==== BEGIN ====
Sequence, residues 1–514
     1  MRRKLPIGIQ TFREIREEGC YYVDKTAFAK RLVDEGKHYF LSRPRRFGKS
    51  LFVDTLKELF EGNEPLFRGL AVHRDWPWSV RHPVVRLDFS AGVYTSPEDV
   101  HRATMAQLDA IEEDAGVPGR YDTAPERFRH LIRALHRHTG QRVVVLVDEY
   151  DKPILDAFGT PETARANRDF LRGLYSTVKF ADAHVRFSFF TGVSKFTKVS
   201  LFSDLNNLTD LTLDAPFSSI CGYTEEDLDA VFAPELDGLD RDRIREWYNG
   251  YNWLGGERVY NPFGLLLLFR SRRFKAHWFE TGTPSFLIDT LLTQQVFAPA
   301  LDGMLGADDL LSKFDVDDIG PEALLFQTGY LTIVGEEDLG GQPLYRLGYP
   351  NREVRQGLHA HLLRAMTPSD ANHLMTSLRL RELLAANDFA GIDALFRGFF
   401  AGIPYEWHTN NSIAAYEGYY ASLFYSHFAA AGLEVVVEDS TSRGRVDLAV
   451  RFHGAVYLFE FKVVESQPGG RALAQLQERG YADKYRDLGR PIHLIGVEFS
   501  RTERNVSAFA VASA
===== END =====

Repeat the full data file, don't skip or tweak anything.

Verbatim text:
Sequence, residues 1–514
     1  MRRKLPIGIQ TFREIREEGC YYVDKTAFAK RLVDEGKHYF LSRPRRFGKS
    51  LFVDTLKELF EGNEPLFRGL AVHRDWPWSV RHPVVRLDFS AGVYTSPEDV
   101  HRATMAQLDA IEEDAGVPGR YDTAPERFRH LIRALHRHTG QRVVVLVDEY
   151  DKPILDAFGT PETARANRDF LRGLYSTVKF ADAHVRFSFF TGVSKFTKVS
   201  LFSDLNNLTD LTLDAPFSSI CGYTEEDLDA VFAPELDGLD RDRIREWYNG
   251  YNWLGGERVY NPFGLLLLFR SRRFKAHWFE TGTPSFLIDT LLTQQVFAPA
   301  LDGMLGADDL LSKFDVDDIG PEALLFQTGY LTIVGEEDLG GQPLYRLGYP
   351  NREVRQGLHA HLLRAMTPSD ANHLMTSLRL RELLAANDFA GIDALFRGFF
   401  AGIPYEWHTN NSIAAYEGYY ASLFYSHFAA AGLEVVVEDS TSRGRVDLAV
   451  RFHGAVYLFE FKVVESQPGG RALAQLQERG YADKYRDLGR PIHLIGVEFS
   501  RTERNVSAFA VASA